… if we are seeking to develop enlightened societies we must listen and learn from these omnipresent messages to simultaneously heal our disconnection from the natural world and our primordial basic goodness.

… Therefore, now is the time to draw on the inspiration of humanity’s wisdom traditions, which remind us of the sacred oneness of life, the interdependence of all beings and the inexorable laws of cause and effect. Now is the time for us to tap the power available to us from our diverse disciplines, cultures and societies to cultivate the dignity, confidence and fearlessness necessary to protect our Earth. These teachings are entirely relevant to our ongoing collective imperative: the creation of enlightened and sustainable societies, and to the urgent challenges that intensify in their absence.”

Mandala wide, we now enjoy three main bodies within Shambhala explicitly focused on ecology:

~ The Touching the Earth Working Group: This group focuses on environmental issues within Shambhala. As a working group, they focus on implementing actual programs, like the Awakening Earth Wisdom Intensive weekend, and initiatives, such as the greening of Shambhala centers. They also oversee the environmental liaisons in the community.

~ The Earth Gathering group: This is a group of senior teachers who have experience with ecological action, teaching, science, policy, or indigenous teachings and are also inner Shambhala practitioners. The group includes acharyas, shastris, and key leaders. This group meets in the context of deep practice in order to contemplate the inner view of Shambhala ecology. They developed the simple, yet authentic, ‘Shambhala Earth Vision Statement’ that arose during an ‘Earth Gathering Retreat’ held in 2011: “Building environmentally awakened society arises from authentic confidence in unconditioned goodness, in community with all living beings. The Shambhala approach to ecology is to actualize sacred world on the spot.” (See more by clicking here.)

~ A newly formed and still emerging small advisory group to support Shambhala land centers in managing their relationship with the natural environment. Some amazing, innovative work is being done here. Start by asking Dorje Denma Ling about the Living Building Challenge combined with Sacred Architecture. True sustainability at last. Then keep asking around elsewhere…and have fun!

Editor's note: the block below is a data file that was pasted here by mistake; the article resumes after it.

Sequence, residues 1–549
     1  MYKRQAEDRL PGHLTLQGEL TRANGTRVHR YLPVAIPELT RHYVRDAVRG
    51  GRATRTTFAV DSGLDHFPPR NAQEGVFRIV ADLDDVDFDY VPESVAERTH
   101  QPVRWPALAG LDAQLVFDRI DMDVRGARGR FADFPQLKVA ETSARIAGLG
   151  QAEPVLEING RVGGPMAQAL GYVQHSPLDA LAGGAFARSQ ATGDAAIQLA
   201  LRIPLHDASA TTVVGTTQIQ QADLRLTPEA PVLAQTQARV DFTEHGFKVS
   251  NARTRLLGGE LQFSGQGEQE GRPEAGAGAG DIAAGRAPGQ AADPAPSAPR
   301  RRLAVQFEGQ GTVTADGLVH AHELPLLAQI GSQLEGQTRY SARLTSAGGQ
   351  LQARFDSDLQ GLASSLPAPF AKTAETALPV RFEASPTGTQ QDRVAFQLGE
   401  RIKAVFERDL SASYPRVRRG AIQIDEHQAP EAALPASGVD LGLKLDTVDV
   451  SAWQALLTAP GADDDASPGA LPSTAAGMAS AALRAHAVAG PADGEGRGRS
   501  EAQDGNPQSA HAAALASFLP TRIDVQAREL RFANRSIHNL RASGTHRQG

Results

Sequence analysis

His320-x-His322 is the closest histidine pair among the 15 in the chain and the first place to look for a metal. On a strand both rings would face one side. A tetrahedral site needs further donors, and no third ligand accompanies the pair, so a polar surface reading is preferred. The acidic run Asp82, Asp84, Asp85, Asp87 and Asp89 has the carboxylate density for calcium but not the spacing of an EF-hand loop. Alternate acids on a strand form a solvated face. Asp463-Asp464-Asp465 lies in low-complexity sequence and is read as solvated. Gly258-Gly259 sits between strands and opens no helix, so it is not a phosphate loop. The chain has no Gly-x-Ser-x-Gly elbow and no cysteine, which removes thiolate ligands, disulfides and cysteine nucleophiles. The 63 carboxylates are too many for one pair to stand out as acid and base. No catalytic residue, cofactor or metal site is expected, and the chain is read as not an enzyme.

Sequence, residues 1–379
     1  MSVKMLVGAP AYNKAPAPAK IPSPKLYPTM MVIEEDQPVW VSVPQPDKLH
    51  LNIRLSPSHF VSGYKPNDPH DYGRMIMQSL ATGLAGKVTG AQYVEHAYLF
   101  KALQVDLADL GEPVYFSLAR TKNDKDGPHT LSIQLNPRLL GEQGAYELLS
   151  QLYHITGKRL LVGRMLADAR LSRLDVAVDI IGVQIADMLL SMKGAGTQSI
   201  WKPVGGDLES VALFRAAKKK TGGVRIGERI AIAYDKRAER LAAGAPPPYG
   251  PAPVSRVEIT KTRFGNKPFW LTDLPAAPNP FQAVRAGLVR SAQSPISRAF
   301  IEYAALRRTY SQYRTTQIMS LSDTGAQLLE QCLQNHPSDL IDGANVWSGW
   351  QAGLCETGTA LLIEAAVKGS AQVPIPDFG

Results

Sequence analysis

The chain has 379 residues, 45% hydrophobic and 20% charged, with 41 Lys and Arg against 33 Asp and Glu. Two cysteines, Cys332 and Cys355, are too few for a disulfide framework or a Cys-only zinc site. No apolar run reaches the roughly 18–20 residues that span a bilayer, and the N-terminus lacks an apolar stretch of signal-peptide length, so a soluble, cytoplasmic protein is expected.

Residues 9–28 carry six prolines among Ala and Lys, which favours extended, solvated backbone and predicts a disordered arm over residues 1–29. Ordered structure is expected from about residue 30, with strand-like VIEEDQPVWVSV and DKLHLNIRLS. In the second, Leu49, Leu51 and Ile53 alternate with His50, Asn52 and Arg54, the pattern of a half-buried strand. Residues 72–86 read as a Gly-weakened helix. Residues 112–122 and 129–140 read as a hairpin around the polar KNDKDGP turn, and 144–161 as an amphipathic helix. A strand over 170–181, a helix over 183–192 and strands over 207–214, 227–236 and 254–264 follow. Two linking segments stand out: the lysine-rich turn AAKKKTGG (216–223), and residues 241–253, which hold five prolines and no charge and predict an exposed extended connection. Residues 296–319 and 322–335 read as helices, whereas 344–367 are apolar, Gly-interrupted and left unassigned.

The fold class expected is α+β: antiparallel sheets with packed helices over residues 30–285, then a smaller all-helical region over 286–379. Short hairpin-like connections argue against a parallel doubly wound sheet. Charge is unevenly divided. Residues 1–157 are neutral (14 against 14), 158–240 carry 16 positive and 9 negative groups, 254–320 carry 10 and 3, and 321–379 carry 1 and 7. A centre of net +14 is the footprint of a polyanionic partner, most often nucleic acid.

The Touching the Earth Group, in connection with the Kalapa Council, is about to initiate a sustainability process for all Shambhala centers. A professional document is offered that describes basic view and policy for enacting concrete sustainability procedures and possibilities in Shambhala centers around the world. Local flexibility is encouraged. While individual centers may have such policies, this is the first global sustainability initiative in Shambhala.

This Earth Day 2012 marks the start of a fresh initiative for the whole of Shambhala to engage meaningfully with the pressing need for environmental sustainability. Shambhalians all over the worldwide mandala are actively engaging with practice, vision, and action to help the environment.

Which vision and which future will predominate? That is up to you, to all of us. We can do this; indeed it is choiceless, and actually: we can just do it.

photo of David Wimberly by Jim Tolstrup

~~
David Wimberly has been a student of the Sakyongs since 1975, having the great good fortune to find such a rich lineage of Earth Protection. He has been active in numerous environmental campaigns; most notably he was pivotal in helping Nova Scotia become world leader in diverting waste to resource, focusing on composting. He serves as a founding member of the Touching the Earth Working Group.

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1 response to “ The Earth Is Always Rising In Shambhala ”
  1. Friends,

    I am, with a wonderful team, co-founding a charter middle/high school in the City of Milwaukee (WI, USA) specifically organized around issues of environmental justice. I will be very attentive indeed to your work and will appreciate deeply you sharing your ideas on this topic with me. Of course, if you like, I’ll be happy to share the kinds of projects, tactics, and activities that we find work–and those that don’t–later in the fall. Please feel free to contact me.

    The school website noted is not (as of 5 May 12) yet “live”, but please feel free to visit w/in the next couple of weeks. Later this fall, we expect to have student project content fill 30-50% of the site.

    Paul